4 Work Life Balance Tips for People Managers

November 13, 2010

Managers have a range of responsibilities and in most cases it includes people management.

Managers play one of the most critical roles in an employee’s experience at work.

To help foster productive employees who will assist you to achieve goals whilst also supporting work life balance, we offer the following tips.

1. Know your organisation’s work life balance arrangements

Although your human resources area may handle the administration of your work life balance arrangement, as you have staff reporting to you, you may be asked questions around options, eligibility and application.

As a Manager it is worthwhile to equip yourself with knowledge of these arrangements so that you present a consistent message within the organisation and respond to general enquiries.

2. Know your employee’s employment arrangements

Your staff may be engaged by the organisation in a variety of different working arrangements.

This could include such variances as working hours, working times, work locations etc. If not known already, Manager’s should confirm this information of existing staff.

As a new Manager or as you acquire new team members it is beneficial to gain an understanding of their employment arrangements. For example, you may have part timers who only work a 30 hour week or a full time who has purchased two weeks additional leave.

By gaining an appreciation for your team’s overall working hours and arrangements will help you to plan to achieve your team’s goals.

3. Plan & communicate

Manager generally have a role in planning for the delivery of work, setting and communicating expectations.

As you should now be aware of the organisations work life balance and individual arrangements, this will assist with the allocation of resources to contribute to the achievement of your team’s goals.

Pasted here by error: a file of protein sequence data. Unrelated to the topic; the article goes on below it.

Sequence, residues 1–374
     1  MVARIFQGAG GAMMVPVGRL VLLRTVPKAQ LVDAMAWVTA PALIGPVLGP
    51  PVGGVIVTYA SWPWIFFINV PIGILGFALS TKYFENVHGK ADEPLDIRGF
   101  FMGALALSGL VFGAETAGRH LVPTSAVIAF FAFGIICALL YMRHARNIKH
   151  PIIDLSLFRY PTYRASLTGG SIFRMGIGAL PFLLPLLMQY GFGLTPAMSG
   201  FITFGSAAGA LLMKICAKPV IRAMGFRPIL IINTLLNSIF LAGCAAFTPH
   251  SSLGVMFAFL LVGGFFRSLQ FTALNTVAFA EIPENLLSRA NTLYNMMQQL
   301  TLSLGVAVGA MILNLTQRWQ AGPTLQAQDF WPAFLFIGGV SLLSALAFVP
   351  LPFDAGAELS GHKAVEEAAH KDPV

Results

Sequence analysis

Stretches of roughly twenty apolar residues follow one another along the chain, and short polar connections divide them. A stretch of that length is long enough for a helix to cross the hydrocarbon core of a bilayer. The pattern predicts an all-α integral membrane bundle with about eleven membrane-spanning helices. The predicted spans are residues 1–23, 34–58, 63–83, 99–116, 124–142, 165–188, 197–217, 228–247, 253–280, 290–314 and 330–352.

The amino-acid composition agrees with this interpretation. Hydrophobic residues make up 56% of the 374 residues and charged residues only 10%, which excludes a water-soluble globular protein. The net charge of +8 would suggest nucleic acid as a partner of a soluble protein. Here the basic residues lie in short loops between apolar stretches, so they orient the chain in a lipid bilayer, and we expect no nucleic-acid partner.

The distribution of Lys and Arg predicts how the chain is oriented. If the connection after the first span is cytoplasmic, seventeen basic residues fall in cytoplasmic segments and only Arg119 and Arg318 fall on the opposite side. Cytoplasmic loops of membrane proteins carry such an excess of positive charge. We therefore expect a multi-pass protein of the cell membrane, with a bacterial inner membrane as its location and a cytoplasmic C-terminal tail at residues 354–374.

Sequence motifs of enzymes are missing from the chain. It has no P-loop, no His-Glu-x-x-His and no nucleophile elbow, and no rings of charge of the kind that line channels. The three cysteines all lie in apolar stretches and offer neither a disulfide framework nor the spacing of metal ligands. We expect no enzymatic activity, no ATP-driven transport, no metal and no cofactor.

Unfortunately so many Managers plan in isolation to “man” hours, which unless you have an open labour budget can put unnecessary pressure and stress on you and your team. It is also important to engage your staff in planning.

Open communication can help avoid timing clashes with peak work periods and personal schedules. For example, one of your staff members is getting married at the busiest time of the year.

To know this in advance will allow you to plan to ensure you make alternative arrangements to meet deadlines.

4. Be empathetic and approachable

Some of the most successful Managers are empathetic in nature, make themselves available and are approachable.

Leaders who adopt this approach will benefit as you’ll be more in touch with staff.

Should your employee’s be having issues then they will be likely to speak to you hopefully before things get out of hand.

I’m sure you can think of some terrible Managers you’ve worked for and how difficult it was to go to work.

The above suggestions offer support for Managers to deliver on goals whilst within the agreed working arrangements of staff. After all, employees who have work life balance are considered more productive.

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